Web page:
Jump to: Our Mission
The Consortium for Israel and the Asylum Seekers was created as a response to the humanitarian situation in the asylum-seeking community and has become a leading voice in the struggle to create a viable and fair resolution both for Israel and for the asylum-seeking population.
Every nation has seen a rising influx of refugees in their countries. As Jews and as human beings, we are reminded again and again by events unfolding around us of the moral imperative of caring for the stranger, as we were once strangers in Egypt.
What We Do
The Consortium works with local organizations to address the needs of the asylum-seeking population:
Humanitarian Assistance: Pesia's Kitchen rescues hundreds of tons of food and feeds children in daycare and families at risk; Mothers Make a Difference connects volunteers and donors of food and baby supplies to those who need it most; Kuchinate provides psychosocial and material support to women suffering from PTSD; Terem Clinics provides urgent medical care to non-citizens.
Advocacy and Legal Support: HIAS Israel and Hotline for Refugees and Migrants provide legal representation for asylum seekers, and monitor conditions in local detention centers, and ASSAF advocates for the community politically, runs youth programming, and provides psychological and social support.
Housing, Employment, and Education: The African Refugee Development Center (ARDC), Schoolhouse, and the Eritrean Women's Community Center provide job training and support services. The Levinsky Garden Library provides after school enrichment. Unitaf operates quality childcare and Mesila provides social services to children and families.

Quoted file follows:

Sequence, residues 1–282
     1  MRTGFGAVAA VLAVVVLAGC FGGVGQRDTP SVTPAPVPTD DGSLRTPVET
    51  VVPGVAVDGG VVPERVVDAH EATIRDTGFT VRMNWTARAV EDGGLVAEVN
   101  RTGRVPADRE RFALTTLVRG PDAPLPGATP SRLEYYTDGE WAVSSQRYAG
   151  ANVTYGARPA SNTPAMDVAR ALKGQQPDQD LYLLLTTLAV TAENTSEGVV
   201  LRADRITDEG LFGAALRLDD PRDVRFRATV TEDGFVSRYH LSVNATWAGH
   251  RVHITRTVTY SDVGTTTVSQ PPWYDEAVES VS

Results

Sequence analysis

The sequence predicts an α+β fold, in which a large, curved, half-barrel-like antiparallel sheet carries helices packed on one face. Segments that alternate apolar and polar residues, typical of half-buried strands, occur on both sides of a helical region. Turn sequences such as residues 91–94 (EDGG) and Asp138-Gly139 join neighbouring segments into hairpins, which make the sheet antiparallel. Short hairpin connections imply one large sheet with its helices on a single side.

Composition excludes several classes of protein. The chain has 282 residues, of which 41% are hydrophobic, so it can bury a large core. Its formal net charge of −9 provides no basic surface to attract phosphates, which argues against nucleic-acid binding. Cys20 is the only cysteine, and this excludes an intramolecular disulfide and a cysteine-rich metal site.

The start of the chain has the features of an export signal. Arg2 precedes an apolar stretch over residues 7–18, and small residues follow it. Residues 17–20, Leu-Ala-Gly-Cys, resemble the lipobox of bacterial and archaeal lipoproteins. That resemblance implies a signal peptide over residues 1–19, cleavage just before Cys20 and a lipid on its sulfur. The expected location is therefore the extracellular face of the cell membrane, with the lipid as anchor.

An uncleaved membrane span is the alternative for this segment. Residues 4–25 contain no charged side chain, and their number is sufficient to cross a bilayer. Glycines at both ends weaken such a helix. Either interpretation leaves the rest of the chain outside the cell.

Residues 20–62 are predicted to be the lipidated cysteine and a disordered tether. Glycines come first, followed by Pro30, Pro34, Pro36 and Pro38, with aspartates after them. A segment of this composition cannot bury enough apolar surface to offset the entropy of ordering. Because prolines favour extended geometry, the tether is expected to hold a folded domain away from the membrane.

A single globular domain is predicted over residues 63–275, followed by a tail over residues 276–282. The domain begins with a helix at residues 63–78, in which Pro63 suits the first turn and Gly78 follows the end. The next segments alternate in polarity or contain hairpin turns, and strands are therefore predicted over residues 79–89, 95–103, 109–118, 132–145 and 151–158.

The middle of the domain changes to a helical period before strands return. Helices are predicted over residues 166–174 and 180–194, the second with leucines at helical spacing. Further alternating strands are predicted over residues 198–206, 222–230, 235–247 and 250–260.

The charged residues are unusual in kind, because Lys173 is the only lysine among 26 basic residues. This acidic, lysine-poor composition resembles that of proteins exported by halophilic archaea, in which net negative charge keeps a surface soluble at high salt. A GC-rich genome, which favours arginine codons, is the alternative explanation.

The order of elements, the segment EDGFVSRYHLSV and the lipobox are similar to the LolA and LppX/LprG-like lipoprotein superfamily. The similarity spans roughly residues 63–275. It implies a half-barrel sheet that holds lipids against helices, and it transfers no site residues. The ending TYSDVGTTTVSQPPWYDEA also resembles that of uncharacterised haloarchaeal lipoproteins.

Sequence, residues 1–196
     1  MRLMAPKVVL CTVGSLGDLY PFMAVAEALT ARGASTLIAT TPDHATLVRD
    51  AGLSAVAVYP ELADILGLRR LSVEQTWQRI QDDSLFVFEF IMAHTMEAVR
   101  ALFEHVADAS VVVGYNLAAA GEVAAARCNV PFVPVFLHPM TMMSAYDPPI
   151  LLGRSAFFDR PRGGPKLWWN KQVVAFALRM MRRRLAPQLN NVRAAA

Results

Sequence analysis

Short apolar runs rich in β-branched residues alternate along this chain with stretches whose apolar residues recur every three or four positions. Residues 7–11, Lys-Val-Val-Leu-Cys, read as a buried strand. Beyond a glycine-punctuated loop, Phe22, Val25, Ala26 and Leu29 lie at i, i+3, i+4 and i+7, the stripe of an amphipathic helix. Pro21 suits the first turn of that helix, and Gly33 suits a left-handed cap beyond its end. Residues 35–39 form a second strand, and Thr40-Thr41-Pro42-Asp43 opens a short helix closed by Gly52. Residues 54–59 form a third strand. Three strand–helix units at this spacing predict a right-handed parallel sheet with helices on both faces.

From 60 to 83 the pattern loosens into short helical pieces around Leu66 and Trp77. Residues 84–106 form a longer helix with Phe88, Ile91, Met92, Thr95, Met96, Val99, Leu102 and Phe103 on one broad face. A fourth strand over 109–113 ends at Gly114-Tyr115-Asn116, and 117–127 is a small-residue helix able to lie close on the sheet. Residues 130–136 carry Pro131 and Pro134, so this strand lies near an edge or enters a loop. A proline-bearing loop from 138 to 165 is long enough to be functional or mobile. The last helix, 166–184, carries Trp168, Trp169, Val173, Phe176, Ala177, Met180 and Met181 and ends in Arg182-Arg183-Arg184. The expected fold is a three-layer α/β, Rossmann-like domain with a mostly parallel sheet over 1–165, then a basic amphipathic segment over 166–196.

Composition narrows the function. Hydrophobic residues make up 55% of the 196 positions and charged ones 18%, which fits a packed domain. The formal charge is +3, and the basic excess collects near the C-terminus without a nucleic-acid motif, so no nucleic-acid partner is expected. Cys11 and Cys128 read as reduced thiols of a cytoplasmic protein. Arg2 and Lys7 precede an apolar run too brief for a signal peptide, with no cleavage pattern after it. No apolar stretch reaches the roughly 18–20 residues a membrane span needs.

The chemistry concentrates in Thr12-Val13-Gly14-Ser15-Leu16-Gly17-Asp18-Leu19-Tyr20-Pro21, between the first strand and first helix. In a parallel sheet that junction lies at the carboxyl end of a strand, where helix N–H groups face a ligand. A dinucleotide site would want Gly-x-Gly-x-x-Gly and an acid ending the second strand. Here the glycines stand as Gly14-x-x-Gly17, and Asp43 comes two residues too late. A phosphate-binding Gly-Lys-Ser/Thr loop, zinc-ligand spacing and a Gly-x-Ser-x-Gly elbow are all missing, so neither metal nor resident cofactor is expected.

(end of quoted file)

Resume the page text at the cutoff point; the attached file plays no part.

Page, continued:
African Asylum Seekers in Israel
There are currently 32,804 African asylum seekers living in Israel, most are from Eritrea and Sudan. They are fleeing violence, genocide, forced lifelong conscription, and religious persecution. No new arrivals hav reached . Israel from these countries since Israel sealed the border with Egypt.
In May of 2017, Israel implemented the "Deposit Law", requiring employers to withhold a significant portion of the wages of asylum seekers. Since this time, it has been difficult for families to take care of their basic needs.
In December of 2017, the Israeli government announced plans to deport the asylum seekers to a third country. A massive public outcry and mobilization led to the breakdown of the plan, yet the asylum-seeking population remains in limbo and the challenges to their livelihood, housing, education, and integration continue.
Working together to help Israel
and to help the African asylum-seeking community in Israel
The Consortium for Israel and the Asylum Seekers (CIAS) is a forum for representatives of organizations and individuals within and outside of Israel working to coordinate efforts and share information regarding the situation of asylum seekers in Israel.